The Housing Authority of New Orleans' ongoing effort to replace the affordable housing units lost when the Iberville public housing project was torn down has received a boost in the form of a tax break.
McCormack Baron Salazar, the St. Louis-based development firm that has partnered with the authority to turn the site of an old Winn-Dixie grocery in Treme into new apartments, snagged a 25-year "payment in lieu of tax" deal last week for that $23 million project.
The Industrial Development Board, which works to incentivize private development in the city, unanimously backed a PILOT for the St. Louis Street site, which most recently was used as a set for the HBO series "Treme."
The deal requires McCormack Baron to keep 30 of the 76 units at the site affordable in exchange for paying a baseline of roughly $4,600 a year, instead of their normal property tax bill.
The $4,600 will increase by 3 percent annually throughout the life of the deal, and the firm will also pay an administrative fee to the IDB. Its first payment will be due Feb. 1 of next year.
Officials said the four-story complex they plan to build at the Winn-Dixie site will replace some of the 821 public housing units that were lost when the Iberville complex was torn down.
"This is part and parcel of that whole neighborhood redevelopment," said the IDB's counsel, David Wolf.
HANO has in recent years worked with private partners to build what are known as "mixed-income" developments — developments that include both subsidized and market-rate apartments — as replacements for its former housing complexes, which had become centers for poverty and often crime. The effort is aimed at alleviating the ills associated with concentrated poverty and giving low-income residents more modern homes to call their own.
The former B.W. Cooper (originally Calliope), St. Bernard, Lafitte and C.J. Peete (originally Magnolia) complexes were rebranded as Marrero Commons, Columbia Parc, Faubourg Lafitte and Harmony Oaks — mixed-income neighborhoods with far fewer units for the very poor than the former public housing complexes.
Iberville became Bienville Basin in an on-site redevelopment that has been handled by HRI, another local developer. McCormack Baron, the firm behind Harmony Oaks and Marrero Commons, is handling the off-site component of the vast Iberville replacement project and has been working to pepper low-income units throughout the surrounding Treme neighborhood.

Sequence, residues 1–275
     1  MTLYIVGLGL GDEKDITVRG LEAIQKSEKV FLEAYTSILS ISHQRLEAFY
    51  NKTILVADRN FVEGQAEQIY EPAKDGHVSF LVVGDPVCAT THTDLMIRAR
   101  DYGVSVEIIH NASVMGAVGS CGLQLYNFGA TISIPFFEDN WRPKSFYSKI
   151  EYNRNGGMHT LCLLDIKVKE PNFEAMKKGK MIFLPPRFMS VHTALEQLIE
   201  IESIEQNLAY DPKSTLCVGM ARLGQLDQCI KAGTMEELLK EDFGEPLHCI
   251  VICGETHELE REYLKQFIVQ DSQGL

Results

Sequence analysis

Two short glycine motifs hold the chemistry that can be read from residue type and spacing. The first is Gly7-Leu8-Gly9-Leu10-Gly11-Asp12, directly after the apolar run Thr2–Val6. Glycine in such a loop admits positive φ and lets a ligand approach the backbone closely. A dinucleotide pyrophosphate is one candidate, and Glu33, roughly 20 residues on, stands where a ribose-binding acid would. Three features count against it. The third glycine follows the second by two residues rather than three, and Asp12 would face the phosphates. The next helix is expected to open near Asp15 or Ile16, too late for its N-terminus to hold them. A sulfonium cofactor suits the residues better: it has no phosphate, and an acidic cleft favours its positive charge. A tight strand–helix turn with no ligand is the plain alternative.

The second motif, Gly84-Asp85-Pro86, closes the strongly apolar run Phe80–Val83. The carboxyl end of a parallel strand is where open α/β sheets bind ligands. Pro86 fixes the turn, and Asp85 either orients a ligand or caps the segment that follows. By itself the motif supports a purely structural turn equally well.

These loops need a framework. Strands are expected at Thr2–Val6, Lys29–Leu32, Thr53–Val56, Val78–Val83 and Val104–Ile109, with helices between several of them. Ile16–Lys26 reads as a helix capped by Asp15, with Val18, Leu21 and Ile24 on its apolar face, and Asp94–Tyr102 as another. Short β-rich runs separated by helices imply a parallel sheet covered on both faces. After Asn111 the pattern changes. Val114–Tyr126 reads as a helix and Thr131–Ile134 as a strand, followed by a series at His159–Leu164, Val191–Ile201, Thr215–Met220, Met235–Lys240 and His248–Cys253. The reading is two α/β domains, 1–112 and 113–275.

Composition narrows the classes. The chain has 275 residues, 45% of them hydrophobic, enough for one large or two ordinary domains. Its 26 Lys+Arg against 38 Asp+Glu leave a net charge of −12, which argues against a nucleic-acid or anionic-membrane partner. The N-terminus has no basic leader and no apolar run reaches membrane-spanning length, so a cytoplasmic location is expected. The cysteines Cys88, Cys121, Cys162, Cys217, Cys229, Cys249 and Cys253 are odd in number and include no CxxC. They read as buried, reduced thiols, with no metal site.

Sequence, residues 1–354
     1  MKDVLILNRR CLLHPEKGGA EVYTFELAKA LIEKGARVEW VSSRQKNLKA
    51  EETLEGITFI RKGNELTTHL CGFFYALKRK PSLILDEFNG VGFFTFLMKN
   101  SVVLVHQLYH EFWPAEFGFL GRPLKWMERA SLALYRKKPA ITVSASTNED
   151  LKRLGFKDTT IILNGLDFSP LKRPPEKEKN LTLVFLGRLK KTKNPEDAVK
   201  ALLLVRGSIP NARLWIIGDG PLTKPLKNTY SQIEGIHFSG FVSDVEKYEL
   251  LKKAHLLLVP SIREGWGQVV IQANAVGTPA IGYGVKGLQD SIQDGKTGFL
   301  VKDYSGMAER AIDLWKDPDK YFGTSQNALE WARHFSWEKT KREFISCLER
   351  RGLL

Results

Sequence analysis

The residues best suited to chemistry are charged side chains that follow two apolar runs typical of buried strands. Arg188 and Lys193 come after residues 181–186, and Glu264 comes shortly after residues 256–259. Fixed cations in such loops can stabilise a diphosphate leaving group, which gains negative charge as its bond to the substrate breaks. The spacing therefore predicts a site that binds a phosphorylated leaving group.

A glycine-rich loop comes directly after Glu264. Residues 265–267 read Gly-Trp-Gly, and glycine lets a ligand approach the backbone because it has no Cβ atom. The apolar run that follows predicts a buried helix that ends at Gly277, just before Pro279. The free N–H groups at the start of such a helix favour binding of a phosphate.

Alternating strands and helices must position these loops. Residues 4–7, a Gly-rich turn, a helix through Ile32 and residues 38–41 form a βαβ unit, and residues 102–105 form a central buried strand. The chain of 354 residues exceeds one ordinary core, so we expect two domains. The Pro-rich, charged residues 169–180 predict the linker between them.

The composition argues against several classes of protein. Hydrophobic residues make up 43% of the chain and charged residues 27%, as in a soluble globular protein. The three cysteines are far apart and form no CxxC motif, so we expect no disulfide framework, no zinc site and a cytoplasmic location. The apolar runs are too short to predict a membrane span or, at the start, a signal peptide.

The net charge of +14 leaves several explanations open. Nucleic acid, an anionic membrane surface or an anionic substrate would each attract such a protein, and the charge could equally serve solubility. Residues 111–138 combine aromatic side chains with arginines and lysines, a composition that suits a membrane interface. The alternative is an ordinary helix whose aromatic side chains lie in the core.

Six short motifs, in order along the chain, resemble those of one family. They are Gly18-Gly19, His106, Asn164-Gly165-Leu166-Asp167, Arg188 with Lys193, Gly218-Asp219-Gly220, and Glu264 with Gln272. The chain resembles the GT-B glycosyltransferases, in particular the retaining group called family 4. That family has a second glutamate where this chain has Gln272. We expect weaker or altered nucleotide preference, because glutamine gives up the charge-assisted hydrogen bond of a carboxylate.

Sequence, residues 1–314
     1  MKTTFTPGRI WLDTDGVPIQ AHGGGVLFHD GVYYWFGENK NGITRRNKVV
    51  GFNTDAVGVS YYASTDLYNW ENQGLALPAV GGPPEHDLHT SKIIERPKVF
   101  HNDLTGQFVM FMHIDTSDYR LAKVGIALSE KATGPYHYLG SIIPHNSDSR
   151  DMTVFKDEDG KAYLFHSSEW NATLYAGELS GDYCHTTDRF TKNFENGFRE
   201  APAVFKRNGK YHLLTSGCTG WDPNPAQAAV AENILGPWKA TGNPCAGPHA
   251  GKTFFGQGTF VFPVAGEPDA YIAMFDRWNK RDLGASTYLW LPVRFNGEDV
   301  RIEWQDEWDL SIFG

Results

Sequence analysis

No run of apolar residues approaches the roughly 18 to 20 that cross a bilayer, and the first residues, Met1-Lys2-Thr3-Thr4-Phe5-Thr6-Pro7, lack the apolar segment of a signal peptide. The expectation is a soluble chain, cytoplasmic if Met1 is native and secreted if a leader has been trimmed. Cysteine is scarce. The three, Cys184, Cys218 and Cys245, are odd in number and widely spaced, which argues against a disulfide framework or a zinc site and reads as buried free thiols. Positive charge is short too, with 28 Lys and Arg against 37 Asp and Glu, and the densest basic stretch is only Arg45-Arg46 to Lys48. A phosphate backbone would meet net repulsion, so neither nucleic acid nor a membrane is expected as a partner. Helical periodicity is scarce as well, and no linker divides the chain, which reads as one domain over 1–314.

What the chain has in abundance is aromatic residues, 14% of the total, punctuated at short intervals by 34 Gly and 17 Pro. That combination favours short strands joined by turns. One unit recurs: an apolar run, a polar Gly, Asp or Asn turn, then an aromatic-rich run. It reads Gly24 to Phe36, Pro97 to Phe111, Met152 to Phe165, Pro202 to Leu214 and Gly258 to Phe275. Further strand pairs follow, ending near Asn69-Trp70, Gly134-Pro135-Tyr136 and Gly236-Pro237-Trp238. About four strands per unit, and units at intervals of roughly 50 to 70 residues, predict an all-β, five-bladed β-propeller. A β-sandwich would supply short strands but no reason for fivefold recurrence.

Of the 821 former Iberville units, HANO and its partners have fully replaced 579, have another 102 under construction and have yet to break ground on 50, officials said. That will leave 90 still to go.
McCormack will continue that work by transforming the old Winn-Dixie, which was recently demolished, into a complex called City Square 162.
The project's first phase has an estimated price tag of $23 million and will be funded partly with low-income housing tax credits and state grants. Landis Construction Co. will be the contractor, and about 40 percent of the construction team will be locals, said Judith Moran of McCormack Baron.
The development will have a fitness center and a business center.
Of the 76 one- and two-bedroom units in the first phase, 30 will be offered to former residents of the Iberville development or others with low incomes, and 46 will be available at market-rate rents.
Generally, residents of publicly owned housing may earn no more than $36,750 a year in some cases; in others, they may earn no more than $27,600.
Residents who benefit from HANO's Section 8 program, who include many one-time residents of the city's former housing projects, make even less than that — no more than $13,800 a year for a one-person household in some cases, or $23,000 a year at most.
City officials intend to extend a portion of the Lafitte Greenway so that it runs near the complex, providing a walking and cycling trail for residents, Moran said.
State Sen. Troy Carter of New Orleans, one of the IDB's 15 members, recalled when the Winn-Dixie was erected during his time as a New Orleans city councilman representing that neighborhood.
"It offered great promise to that community, and when it closed it offered great devastation," he said, adding that the revamp "shows that a development is not ever truly dead."